This unbiblical and ethnocentric cultural superiority was developed in the 18th and 19th centuries in Europe, which, I believe, was adopted by America, and shipped to the shores of Liberia with the Americo-Liberians. Ethnocentrism is the belief that one’s culture is the best and should be the standard of every culture. “Many people today think of culture in the way that it was thought of in Europe . . . . This concept of culture reflected inequalities within European societies and their colonies around the world. This understating of culture equates culture with civilization and contrasts both with nature or non-civilization.”
Because of sin, no culture is superior to God.
I’ll continue this discussion next week.
Merry Christmas and Happy New Year!
If my weekly Journal has been a blessing to you, you can subscribe freely by joining my mailing list on the website. This is, when a new journal is posted, it will be sent directly to your inbox. Also, please leave a comment and forward it to your friends. New subscriber(s) will also receive one of my books in an E-book: A Journey of Faith: A Call to Missions without a Purse at no cost and free access to my Journal’s achieve which contains some scholarly articles. If you have any question(s), feel free to send it through [email protected]. I will surely respond to your question(s). You can also forward this to anyone or post it in your social media.
http://www.refworld.org/pdfid/44868b524.pdf accessed December 15, 2014. http://upload.wikimedia.org/wikipedia/commons/a/a8/Introduction_to_Sociology-v3.0.pdf, page 71 accessed December 15, 2014.
Response to Rev. Jesse Gibson's E-mail (Part I) on the Topic: "There Is no Partiality With God (Part V)"
|Posted on December 1, 2014 at 11:45 AM||comments (1)|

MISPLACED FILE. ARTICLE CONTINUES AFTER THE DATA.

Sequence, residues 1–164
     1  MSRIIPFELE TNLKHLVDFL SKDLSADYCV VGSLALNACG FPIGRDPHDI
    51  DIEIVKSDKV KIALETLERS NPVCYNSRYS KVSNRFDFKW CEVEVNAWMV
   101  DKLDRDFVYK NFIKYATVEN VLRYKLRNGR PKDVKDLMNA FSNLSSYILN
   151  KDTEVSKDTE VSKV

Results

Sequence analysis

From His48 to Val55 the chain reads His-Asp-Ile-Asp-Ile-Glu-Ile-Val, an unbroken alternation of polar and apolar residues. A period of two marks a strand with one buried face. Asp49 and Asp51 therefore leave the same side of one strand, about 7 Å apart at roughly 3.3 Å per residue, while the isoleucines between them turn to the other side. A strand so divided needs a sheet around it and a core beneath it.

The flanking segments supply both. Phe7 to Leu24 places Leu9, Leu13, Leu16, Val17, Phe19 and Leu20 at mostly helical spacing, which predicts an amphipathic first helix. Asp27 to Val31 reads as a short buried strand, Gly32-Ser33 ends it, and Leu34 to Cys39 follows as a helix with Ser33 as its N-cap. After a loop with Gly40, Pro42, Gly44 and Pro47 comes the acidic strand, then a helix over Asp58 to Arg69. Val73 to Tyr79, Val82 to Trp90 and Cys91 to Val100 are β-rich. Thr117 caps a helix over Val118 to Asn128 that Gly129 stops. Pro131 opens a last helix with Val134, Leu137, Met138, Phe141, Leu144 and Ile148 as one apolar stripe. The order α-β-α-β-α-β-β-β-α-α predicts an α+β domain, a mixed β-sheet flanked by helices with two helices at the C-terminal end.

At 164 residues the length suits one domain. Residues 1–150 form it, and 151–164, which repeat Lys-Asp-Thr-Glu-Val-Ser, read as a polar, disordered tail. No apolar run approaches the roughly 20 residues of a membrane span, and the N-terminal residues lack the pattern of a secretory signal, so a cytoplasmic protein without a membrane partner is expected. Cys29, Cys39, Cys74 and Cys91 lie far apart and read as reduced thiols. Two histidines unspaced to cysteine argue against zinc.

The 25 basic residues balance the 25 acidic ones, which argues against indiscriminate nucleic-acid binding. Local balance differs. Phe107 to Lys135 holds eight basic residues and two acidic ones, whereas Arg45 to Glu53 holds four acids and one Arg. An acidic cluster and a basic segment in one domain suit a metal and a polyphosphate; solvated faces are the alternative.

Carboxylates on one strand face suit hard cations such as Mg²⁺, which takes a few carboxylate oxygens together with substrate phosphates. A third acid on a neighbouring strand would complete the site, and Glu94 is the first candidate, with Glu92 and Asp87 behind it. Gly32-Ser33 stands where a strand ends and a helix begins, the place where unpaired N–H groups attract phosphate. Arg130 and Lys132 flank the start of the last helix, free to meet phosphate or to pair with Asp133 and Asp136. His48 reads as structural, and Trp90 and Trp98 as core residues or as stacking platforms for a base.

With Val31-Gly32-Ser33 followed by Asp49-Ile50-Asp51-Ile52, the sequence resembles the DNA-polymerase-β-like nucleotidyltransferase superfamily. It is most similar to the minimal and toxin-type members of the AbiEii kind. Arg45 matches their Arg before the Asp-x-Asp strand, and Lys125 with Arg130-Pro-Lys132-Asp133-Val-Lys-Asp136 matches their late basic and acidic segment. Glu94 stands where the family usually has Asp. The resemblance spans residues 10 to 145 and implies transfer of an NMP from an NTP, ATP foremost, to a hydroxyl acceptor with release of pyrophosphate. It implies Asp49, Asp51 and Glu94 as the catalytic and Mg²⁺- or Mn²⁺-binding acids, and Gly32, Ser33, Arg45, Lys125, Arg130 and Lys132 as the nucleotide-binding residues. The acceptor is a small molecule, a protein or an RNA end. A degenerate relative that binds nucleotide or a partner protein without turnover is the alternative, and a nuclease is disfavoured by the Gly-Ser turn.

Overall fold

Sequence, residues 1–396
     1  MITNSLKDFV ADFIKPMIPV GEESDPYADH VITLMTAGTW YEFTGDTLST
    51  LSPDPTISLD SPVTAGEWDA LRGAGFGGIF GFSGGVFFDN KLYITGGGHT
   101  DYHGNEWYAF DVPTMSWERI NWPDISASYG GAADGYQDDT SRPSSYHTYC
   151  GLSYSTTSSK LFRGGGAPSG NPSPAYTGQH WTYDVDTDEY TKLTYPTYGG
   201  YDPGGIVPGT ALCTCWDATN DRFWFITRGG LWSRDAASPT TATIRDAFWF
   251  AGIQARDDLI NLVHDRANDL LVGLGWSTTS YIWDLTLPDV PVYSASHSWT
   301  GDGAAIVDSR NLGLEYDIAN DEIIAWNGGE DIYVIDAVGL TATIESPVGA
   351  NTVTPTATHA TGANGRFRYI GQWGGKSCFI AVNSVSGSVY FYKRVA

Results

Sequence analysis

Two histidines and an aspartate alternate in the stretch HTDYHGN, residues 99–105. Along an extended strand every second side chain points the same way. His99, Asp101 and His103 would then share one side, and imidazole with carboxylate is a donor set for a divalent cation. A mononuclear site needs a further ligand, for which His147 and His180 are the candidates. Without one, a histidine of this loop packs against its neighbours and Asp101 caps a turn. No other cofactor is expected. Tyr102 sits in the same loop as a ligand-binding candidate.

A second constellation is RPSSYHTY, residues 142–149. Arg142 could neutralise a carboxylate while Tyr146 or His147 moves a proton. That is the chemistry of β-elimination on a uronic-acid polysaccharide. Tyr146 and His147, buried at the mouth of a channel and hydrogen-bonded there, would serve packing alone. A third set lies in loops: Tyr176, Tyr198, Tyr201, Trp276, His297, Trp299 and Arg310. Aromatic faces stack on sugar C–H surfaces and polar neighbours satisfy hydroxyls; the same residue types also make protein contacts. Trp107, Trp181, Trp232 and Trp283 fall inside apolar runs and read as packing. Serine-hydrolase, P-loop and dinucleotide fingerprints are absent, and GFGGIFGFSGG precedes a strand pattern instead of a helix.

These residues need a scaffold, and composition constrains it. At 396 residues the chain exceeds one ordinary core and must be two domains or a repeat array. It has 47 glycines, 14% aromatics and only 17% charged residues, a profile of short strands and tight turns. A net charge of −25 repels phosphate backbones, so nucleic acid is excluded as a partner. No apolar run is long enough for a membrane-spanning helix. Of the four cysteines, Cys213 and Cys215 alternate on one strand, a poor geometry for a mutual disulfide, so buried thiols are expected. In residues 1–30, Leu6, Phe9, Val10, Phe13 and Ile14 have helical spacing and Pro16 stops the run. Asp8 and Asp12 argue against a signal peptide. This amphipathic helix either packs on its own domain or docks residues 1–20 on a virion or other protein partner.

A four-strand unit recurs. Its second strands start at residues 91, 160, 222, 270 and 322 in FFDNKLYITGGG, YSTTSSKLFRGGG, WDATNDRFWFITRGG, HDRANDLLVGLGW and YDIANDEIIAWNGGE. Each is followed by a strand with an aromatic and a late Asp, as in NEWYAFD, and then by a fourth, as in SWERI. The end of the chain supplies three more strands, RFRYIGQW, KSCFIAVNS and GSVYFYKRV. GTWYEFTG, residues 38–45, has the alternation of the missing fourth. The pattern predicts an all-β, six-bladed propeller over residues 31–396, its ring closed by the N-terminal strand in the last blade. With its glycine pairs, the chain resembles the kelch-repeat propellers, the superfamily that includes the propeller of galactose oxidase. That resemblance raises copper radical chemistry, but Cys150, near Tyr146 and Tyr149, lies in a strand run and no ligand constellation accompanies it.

This journal is aimed at responding to one of my subscribers who raised some concerns in response to Part V of my recent Journal: “There Is No Partiality With God.” The subscriber is The Reverend Jesse Gibson, founder and senior pastor of the Throne of Grace Ministries with headquarters in Worcester, Massachusetts. In my discussion of God’s sovereignty, arguing that God does what He pleases, Rev Gibson sent me an e-mail. I would like to summarize the key points he raised in his communication:
I appreciate Rev. Jesse’s e-mail. In fact, I would like my readers to communicate with me for clarification on something that I had written. My responsibility is to make the biblical texts meaningful to life by teaching faith, hope, love, and obedience to God in Christ. How can I accomplish this goal? It will be done through writing and interacting with my subscribers on any concern(s) that may arise from my Journal. Honestly, I will not be able to respond to the hundreds that may write. However, I will answer the ones that, I believe, will benefit everyone on my mailing list. What triggers Rev. Gibson’s concerns are the following lines in my last journal: “. . . God is not confined to our cultures, rules, nor regulations that define who we are. God does what He pleases, and his sovereignty is not partial. Because God’s redemptive plan, perfection, and His will are beyond man’s comprehension, we think that God is partial if He does anything against our cultural norm or standard.” I’ll begin with the first question, which I believe, has two major parts. Part I deals directly with whether God care for every culture, and Part II gives multiplicities of the African cultures and their practices, and its comparison to the Western culture as its standard, specifically, to marriage. Let me begin with Part I of his question, “… does God care about the cultures and rules?”
First, “… since God is not confined to our cultures, rules, nor regulations, does God care about the cultures and rules?”
Because human culture is tainted with sin, God cares for its redemption, including man. But He is not confined to it. I’m taking a biblical approach in answering this question, and not scientific or Darwinistic. In my book, Growing Missionaries Biblically: A Fresh Look at Mission in an African Context, I discussed the origin of human culture, using a biblical approach. I would like to summarize it here. Biblically, human culture can rightly be traced to Adam’s fall in the Garden of Eden (Gen 3:1ff). Following Adam’s expulsion from the Garden of Eden, he created his own community outside the presence of God. It was God’s original plan for man to populate the earth (Gen 1.28), but that would have been according to His divine principles. The full picture of human culture is found in Genesis chapter 4 when Cain, due to jealously, killed his brother, Abel. God cursed Cain, and he went out of God’s presence and lived in the land of Nod, east of Eden (Gen 4:16). There Cain’s wife had a baby, and they named him Enoch. Cain built a city and named it Enoch in honor of his firstborn son (Gen 4:17). What do you expect from a fugitive from God and his community?